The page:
linked by a low link pipe causes air to be trapped in the inner piston
unless the caliper is inverted (allowing the air to move through the
link pipe to the outer piston recess), re-inverting the piston back to
normal orientation and finishing the bleed will ensure that all the air
Clunks on application of the brakes can be caused by a number of
things, one thing worth checking is the anti rattle spring on the front
caliper. The anti rattle spring can be fitted incorrectly (backwards)
causing the pads to move in the caliper every time the brake is applied.
here to see a picture of the spring correctly fitted.
Often confused with rattly suspension the pads can rattle in the
front calipers. Later cars have small pad 'buffers' fitted to dampen
this rattling. Look here
to see a picture of the caliper, the red markings show the location of
the anti rattle buffers, these are self adhesive and can be obtained
from the dealer.
Clicking, often caused by grooved or driled disks can be caused by
the pads picking up on the drillings on the disk surface, the anti
rattle buffers described above can be used to solve this
To remove the front disks you must remove the front brake calipers,
to do this you must undo the two caliper retaining bolts, pictured here,
and withdraw the caliper from the upright. Be carefull, the retaining
bols are steel and the front upright is aluminium, you must make sure
not to damage the threads in the upright.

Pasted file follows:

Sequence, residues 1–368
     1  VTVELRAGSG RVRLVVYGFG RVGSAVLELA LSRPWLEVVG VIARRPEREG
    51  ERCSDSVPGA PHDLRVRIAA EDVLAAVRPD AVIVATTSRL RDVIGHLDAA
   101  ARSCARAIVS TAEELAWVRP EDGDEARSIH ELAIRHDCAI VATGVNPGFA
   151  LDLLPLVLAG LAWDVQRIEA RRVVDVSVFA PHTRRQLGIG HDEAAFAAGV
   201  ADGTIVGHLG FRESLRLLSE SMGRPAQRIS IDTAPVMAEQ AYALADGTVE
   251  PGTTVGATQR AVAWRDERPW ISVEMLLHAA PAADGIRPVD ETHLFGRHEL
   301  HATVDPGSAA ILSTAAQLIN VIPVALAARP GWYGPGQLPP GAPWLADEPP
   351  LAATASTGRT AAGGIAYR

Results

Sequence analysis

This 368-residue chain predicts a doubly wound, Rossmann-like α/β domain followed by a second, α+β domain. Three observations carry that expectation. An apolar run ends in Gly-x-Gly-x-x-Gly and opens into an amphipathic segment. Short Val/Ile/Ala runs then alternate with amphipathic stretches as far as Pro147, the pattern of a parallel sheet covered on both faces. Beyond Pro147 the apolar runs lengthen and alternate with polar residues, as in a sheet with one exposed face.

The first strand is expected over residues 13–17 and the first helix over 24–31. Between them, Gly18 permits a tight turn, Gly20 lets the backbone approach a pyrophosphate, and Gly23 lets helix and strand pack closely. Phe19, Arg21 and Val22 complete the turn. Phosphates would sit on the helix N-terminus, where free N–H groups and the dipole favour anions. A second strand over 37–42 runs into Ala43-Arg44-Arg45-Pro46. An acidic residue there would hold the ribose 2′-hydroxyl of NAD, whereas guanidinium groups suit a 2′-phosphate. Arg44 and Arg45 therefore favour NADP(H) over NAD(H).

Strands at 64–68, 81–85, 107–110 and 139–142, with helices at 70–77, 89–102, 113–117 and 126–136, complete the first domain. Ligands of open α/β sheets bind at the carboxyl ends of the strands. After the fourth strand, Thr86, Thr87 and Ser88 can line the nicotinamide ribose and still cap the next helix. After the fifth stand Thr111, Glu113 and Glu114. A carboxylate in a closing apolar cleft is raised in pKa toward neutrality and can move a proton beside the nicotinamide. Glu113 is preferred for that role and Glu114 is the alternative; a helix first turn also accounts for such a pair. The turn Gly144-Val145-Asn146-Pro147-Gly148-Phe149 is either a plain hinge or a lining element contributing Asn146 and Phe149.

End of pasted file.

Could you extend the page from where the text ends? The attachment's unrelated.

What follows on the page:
Once the caliper is removed the disks can be removed, some will
simply fall off the hub, some will require some significant effort to
move. For stubborn disks you must use a hammer, knocking the disk then
rotating the hub say 45degrees and repeating, slowly knocking the disk
off the hub. If you intend to re-use the disks you must use a soft faced
hammer (plastic/rubber) otherwise you will damage the disk surface, if
the disks are getting ditched then a metal hammer will be fine but be
careful, the disks can shatter, and yes you may hae to hit them that
Refitting is simple, but make sure the hub face is operating theatre
clean otherwise you can get brake vibrations later on down the line. To
ensure the hub is clean enough use some fine grade emery paper to remove
all corrosion before refitting the disk.
Refit the caliper, making sure you have pushed back the caliper
pistons, and use some Permabond A131 on the steel retaining bolt
threads, this prevents corrosion which can seize the bolts in the
upright (electrolytic corrosion) and ruin it. Bolt torque is 45Nm, use a
torque wrench as this is not as tight as you may think, overtorquing a
steel bolt in an aluminium component is easy and will destroy the
threads in the aluminium component, in this case the
Disk Removal Rear
Brake Lights (coming on by
A relatively common problem leading to a flat battery. For one reason
or another the brake light switch seems to get out of adjustment and can
power the brake lights (which are live even without the ignition on)
when you are not around (overnight for example).
The switch itself is accesssed from the front services compartment,
(picture taken looking toward the rear of the car from just in front of
the brake fluid reservoir), and is adjusted by twisting the switch,
pulling it in or out as required and twisting again to lock in position.
Always test the brake lights still work after any
Disclaimer : All information is supplied as a guide only.
No Guarantee as to its reliability can be issued.
You use this information entirely at your own risk.
No Reproduction or Reuse without prior written consent.
© Elise FAQ Team 2002